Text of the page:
A Credo for support

Written and produced by Norman Kunc and Emma Van der Klift

 

4 Myths About People With Intellectual Disabilities — From Someone Who Has One

By Sean Adams

My name is Sean Adams. I was born with Down Syndrome, but I do not let that stop me from following and accomplishing my dreams.

At an early age, I was taught to always try my best at everything in life and never give up on my dreams even though I have a disability.

I am happy to be me and know that my God created me for a purpose. I want to show others with and without disabilities, that we all can live our lives to the fullest. I want the world to see everything the world says about individuals with disabilities is not always the truth.

Here are some myths about individuals with intellectual disabilities I want to share:

Myth: People with developmental disabilities live very different lives than people without disabilities.

Truth: We live our lives in more alike ways than different. We work, cook, clean, go to school and have friends like everyone else.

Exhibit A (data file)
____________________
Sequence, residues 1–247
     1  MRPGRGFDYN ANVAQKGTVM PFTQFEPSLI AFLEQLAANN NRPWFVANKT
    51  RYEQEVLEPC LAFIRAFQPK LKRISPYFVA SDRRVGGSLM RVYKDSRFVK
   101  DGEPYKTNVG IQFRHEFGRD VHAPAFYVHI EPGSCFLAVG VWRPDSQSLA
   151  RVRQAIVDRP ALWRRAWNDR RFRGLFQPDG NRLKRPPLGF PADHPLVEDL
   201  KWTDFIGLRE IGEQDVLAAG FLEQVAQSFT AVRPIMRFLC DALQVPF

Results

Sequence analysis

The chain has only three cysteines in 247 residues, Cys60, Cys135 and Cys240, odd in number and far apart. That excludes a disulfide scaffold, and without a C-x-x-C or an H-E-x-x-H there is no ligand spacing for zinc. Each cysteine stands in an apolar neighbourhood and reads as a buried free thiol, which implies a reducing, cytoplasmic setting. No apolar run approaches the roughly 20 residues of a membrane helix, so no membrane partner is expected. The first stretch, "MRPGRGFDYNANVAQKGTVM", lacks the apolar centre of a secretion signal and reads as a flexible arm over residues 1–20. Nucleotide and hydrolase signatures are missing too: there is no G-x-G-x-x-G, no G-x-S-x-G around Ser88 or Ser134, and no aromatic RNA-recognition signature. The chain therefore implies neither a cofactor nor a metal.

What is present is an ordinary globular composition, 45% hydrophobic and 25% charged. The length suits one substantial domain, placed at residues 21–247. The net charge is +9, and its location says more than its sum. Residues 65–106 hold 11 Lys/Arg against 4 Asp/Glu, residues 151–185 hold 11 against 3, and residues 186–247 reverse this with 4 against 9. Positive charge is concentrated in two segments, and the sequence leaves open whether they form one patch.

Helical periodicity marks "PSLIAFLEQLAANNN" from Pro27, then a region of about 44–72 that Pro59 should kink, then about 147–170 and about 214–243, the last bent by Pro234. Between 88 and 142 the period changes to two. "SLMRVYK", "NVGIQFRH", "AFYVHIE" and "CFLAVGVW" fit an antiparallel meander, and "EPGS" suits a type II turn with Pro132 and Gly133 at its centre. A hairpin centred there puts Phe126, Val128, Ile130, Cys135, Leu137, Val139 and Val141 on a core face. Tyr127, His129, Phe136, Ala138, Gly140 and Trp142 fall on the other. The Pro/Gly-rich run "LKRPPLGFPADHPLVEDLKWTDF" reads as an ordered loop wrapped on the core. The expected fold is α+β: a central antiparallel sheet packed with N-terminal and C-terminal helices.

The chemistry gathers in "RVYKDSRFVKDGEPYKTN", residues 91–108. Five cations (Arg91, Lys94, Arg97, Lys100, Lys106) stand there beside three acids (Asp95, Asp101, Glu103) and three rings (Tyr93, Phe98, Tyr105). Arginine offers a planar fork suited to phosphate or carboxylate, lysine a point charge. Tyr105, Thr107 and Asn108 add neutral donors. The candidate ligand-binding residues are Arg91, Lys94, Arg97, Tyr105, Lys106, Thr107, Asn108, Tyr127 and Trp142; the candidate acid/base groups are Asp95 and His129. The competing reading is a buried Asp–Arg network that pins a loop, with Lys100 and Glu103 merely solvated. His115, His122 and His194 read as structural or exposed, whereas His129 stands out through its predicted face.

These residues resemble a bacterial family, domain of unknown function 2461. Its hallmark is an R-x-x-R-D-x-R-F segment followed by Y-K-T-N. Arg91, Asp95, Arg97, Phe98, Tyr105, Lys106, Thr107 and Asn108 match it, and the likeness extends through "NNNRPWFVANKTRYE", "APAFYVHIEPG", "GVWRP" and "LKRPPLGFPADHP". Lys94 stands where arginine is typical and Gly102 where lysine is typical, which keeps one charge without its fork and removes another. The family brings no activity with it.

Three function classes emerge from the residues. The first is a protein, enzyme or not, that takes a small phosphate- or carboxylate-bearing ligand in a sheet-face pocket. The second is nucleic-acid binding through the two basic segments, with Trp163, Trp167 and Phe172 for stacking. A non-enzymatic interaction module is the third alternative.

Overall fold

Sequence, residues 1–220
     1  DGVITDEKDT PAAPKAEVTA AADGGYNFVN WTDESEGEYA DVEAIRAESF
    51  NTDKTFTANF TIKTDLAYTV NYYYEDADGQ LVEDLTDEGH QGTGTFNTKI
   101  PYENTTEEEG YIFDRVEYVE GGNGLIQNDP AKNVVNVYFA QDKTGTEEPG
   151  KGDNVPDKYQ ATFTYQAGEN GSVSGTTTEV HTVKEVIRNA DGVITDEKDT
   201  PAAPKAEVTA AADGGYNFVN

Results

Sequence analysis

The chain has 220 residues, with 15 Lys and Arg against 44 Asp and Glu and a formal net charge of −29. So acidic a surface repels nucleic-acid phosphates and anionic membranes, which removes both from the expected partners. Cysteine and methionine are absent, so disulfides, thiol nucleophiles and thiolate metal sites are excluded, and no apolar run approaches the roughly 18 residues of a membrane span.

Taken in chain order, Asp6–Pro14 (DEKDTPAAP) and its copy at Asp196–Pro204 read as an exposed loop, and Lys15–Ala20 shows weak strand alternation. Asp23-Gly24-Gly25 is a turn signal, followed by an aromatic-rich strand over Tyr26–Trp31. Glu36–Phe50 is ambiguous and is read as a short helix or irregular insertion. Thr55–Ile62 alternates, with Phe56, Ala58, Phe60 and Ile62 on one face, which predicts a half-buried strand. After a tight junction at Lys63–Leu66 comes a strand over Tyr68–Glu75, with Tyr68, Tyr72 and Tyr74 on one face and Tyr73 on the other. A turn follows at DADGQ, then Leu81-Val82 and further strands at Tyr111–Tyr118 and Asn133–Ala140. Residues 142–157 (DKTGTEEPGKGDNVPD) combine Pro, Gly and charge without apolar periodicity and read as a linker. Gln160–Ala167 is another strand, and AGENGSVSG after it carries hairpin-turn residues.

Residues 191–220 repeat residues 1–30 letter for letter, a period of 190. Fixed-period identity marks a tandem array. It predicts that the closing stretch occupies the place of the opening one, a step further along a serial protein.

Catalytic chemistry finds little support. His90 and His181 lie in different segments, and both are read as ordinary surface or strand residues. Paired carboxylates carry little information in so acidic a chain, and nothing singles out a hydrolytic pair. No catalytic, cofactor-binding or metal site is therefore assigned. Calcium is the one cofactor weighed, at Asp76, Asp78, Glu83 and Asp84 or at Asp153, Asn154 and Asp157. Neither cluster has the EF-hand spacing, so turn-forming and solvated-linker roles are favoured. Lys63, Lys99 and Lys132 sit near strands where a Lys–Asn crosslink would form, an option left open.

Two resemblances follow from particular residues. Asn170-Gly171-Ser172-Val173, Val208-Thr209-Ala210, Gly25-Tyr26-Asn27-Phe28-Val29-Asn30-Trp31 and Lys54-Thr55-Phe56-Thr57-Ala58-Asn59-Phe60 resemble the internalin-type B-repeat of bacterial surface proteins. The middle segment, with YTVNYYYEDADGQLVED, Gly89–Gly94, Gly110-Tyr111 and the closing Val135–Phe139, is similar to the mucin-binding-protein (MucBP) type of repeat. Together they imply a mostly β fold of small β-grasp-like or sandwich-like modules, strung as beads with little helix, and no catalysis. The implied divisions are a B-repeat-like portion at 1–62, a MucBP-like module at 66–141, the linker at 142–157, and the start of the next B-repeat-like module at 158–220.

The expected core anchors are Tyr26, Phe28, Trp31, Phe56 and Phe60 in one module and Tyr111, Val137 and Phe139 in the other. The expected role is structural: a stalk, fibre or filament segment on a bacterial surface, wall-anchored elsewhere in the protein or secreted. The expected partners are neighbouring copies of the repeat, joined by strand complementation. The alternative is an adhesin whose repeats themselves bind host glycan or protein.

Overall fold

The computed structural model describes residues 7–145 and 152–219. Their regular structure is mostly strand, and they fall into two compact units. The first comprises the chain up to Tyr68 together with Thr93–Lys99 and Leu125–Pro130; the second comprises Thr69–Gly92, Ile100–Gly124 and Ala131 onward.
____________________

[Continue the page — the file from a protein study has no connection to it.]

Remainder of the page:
Myth: People with developmental disabilities who don’t live at home, live in institutions.

Truth: We have choices where to live. Everyone has needs that are different. We have to decide what works best for each individual person.

Myth: People with developmental disabilities do not have the same feelings as people without disabilities.

Truth: We have feelings just like those without disabilities. We feel anger, sadness, happiness, pain and excitement, just to mention a few.

Myth: People with development disabilities cannot make decisions.

Truth: We can make decisions when given the chance. I make my own decisions every day.

I was given the chance to follow one of my dreams to become an author. This was important to me because it gave me the chance to encourage others with developmental disabilities to find happiness in their lives. I wanted those without disabilities to see us as people, not as a disability and to show that we want to live our lives no different than those without disabilities; for others to learn to include us in communities, schools and all parts of life. We will surprise those without disabilities when given the chance.

We all have gifts and talents within us. We all should be allowed to let our gifts and talents shine. I hope and pray that what God has allowed my life to be will encourage, educate and spread happiness around the world.

Inspiration Porn and the Objectification of Disability: Stella Young at TEDxSydney 2014